Electric vehicle (EV) fleets are expanding exponentially, and advocacy for adopting sustainable sources of energy is increasing rapidly across the U.S. For EV developers, communities and transit agencies wanting more transit electrification, it's important to keep in mind what kind of challenges are involved in altering an aging power grid to meet growing demand. To tackle concerns and identify opportunities, it's important for utilities and transit agencies to work together and build a common understanding of the complex issues involved in transforming the grid.

Understanding Potential Concerns and Mitigation Strategies From a Utility Perspective

To fulfill the growing demand of charging stations for transit vehicles, utilities must minimize potential impact to the grid and enhance customer experience. They are not just evaluating public transit electrification; they are challenged with forecasting and evaluating electrification across the entire system. Grid impact is a major concern with the advancing EV market because of the diverse types of EV participants — public/private fleets, public charging stations, residential charging and more — that will grow significantly in number in the coming years. This would involve more detailed planning and better forecasting.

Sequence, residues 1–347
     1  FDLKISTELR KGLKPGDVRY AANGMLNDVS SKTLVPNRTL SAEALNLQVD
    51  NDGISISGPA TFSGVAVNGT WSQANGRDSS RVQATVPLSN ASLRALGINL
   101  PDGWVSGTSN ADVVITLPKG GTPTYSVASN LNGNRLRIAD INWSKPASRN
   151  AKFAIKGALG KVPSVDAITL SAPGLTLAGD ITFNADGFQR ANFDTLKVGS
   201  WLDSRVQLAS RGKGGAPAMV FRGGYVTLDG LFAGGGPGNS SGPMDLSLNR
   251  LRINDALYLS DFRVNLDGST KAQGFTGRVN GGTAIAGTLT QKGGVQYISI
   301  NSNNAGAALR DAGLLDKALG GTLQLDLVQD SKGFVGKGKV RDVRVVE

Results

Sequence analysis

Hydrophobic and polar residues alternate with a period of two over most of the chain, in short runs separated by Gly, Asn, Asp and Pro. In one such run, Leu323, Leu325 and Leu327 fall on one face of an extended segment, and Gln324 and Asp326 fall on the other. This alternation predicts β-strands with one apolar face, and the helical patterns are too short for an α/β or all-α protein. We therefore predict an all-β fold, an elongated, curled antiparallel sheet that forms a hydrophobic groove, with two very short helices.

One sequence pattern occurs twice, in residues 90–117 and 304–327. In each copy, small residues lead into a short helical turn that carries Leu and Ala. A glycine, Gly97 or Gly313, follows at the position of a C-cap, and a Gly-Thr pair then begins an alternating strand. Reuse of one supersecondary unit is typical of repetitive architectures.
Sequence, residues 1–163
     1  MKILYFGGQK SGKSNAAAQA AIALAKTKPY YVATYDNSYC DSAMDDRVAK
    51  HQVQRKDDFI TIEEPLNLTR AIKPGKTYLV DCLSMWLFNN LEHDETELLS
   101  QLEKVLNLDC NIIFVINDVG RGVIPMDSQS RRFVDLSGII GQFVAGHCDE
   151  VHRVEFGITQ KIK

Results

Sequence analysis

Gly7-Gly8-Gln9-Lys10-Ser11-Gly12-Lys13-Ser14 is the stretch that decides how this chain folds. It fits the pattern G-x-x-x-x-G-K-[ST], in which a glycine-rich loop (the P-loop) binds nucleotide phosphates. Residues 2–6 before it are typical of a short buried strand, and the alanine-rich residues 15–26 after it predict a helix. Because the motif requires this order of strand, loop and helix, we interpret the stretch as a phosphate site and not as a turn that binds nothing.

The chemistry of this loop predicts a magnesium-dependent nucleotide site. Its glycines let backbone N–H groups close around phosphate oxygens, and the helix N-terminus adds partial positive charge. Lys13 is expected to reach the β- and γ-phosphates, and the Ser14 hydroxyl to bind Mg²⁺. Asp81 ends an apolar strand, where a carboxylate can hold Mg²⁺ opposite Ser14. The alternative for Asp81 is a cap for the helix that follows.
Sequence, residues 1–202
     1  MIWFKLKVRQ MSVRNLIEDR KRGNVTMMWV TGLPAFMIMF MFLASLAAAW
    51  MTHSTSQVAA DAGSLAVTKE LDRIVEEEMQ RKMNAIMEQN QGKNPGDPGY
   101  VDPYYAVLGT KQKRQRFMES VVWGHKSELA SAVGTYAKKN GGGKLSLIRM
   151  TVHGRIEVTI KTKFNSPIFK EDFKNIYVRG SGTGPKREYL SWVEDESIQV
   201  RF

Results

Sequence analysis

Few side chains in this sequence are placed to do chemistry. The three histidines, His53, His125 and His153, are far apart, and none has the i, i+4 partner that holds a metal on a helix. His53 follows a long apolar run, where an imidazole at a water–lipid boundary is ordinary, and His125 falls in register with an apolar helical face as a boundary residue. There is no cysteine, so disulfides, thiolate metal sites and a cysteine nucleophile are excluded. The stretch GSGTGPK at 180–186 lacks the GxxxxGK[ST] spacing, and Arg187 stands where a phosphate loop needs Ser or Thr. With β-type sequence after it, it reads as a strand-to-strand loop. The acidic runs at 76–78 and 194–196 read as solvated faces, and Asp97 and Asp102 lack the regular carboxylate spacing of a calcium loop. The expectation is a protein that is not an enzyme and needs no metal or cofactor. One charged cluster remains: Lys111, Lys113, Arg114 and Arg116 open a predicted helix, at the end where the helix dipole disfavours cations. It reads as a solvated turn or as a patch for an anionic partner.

Any challenges related to communication and management should be addressed before the power grid is modified to support charging of EVs. Additionally, consistency, safety and utilization of grid resources and power should be considered during the design process.

When and Why Should Transit Agencies Engage With the Local Electric Utility?

Timely communication between local utilities and transit agencies is extremely important for a grid modernization project to be successful. This helps the parties focus on critical issues such as reliability, data management, security and more. Transit agencies should involve the utility from the beginning of the project, giving them sufficient time to evaluate equipment, transformers, conductors and system components required for powering the electric stations, and to calculate the return on investment.

As EVs continue to transform the U.S. transportation fueling system, there is a lot of dependency on a power grid that supports these changes. Meticulous planning, analysis and incorporation can create a more seamless transition and increased opportunity for utilities and transit agencies.

 

Learn more about forecasting, utility peak demand and the long-term impacts of EV charging.

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Kory Sandven is a project manager at 1898 & Co., part of Burns & McDonnell. He specializes in developing business strategies with a focus on data integration around system planning, particularly involving infrastructure for system improvement planning, reliability planning and technology adoptions.